Turvey (All Saints)
TURVEY (All Saints), a parish, in the hundred of Willey, union and county of Bedford, 4 miles (E.) from Olney; containing 960 inhabitants. The parish is bounded on the west by the river Ouse (which here separates the county from that of Buckingham), and is situated on the road from Northampton to Bedford. It comprises by admeasurement 3960 acres, of which about half are under tillage, and the remainder pasture and woodland. In the parish are quarries of limestone and of stone for building. Most of the females are engaged in lace-making. The living is a rectory, valued in the king's books at £l6; patron, T. C. Higgins, Esq.; appropriator, the Bishop of Ely: the appropriate tithes have been commuted for £253, and the incumbent's for £458. 9. The church contains portions in various styles, and has several fine monuments to the noble family of Mordaunt; the remains of the celebrated Earl of Peterborough are deposited in the family vault. The glebe-house was lately rebuilt in the Elizabethan style. There are places of worship for Independents and Wesleyans. A national school has an endowment of £40 per annum, and an infant school is supported by subscription. The ancient mansion called Turvey Abbey, situated here, was formerly a convent, dependent on the abbey of St. Neot's, Huntingdonshire: the moats and foundations of Turvey Hall, the residence of the lords Peterborough, are still visible. The Rev. Legh Richmond, author of the 'Annals of the Poor,' the Dairyman's Daughter, &c., was rector from 1805 till his death in May 1828. The parish confers the title of Baron on the Duke of Bedford.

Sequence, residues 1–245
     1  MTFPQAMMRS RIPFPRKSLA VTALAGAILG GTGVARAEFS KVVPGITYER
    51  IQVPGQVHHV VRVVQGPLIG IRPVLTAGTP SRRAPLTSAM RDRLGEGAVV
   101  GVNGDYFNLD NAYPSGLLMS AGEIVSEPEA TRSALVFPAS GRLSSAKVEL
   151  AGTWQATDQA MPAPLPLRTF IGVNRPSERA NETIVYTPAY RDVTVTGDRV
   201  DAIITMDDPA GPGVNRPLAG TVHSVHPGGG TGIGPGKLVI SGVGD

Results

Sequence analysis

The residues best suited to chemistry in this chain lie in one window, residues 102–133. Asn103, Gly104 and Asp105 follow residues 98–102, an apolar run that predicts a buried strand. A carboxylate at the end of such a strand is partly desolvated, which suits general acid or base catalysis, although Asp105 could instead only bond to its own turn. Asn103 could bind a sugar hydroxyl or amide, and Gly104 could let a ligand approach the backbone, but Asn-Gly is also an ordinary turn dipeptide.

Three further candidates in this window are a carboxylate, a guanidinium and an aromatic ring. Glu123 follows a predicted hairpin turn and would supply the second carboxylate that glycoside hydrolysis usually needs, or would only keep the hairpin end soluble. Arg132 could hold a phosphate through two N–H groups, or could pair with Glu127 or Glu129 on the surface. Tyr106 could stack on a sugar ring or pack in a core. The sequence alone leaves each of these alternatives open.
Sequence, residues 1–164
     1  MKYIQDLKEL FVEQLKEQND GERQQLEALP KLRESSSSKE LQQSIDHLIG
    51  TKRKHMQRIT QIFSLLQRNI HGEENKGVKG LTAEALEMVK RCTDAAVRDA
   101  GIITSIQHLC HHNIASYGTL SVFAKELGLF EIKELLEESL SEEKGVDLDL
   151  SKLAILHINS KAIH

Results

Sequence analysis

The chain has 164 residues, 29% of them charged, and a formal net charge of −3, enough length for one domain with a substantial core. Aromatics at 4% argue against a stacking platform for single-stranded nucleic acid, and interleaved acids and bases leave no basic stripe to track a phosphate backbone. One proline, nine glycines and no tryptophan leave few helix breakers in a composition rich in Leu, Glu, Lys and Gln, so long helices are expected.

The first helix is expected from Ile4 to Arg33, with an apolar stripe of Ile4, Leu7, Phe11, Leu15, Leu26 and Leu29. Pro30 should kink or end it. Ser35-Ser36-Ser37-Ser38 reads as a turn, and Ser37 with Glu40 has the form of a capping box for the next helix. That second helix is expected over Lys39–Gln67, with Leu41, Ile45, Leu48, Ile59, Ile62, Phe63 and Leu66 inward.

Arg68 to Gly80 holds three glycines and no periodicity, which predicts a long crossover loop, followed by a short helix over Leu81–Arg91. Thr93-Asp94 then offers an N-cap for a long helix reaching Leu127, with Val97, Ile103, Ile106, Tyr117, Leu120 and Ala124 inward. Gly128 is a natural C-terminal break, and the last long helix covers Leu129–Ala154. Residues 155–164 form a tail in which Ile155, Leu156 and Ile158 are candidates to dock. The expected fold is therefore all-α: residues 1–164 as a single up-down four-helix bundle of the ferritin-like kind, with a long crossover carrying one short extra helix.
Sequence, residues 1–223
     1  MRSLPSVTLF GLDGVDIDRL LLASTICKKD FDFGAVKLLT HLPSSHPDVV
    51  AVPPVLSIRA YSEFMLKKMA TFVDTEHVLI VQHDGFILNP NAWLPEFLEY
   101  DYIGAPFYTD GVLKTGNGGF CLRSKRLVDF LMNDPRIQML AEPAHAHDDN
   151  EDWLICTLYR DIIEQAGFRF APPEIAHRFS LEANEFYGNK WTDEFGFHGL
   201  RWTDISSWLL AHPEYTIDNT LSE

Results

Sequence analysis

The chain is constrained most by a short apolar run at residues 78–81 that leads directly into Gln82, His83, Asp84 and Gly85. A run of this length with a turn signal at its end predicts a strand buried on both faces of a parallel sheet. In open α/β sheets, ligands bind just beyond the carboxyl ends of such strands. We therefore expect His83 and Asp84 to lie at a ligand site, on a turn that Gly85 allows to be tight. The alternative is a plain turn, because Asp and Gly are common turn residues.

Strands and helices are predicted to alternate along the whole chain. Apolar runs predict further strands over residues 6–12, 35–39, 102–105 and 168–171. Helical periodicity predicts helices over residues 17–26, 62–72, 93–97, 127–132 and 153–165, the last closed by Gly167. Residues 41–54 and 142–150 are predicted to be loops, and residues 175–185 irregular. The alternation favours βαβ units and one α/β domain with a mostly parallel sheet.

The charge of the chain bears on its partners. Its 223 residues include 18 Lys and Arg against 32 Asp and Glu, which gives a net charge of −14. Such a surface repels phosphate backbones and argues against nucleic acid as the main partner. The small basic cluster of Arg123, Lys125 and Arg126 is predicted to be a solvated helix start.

Transcribed from A Topographical Dictionary of England, by Samuel Lewis, seventh edition, published 1858.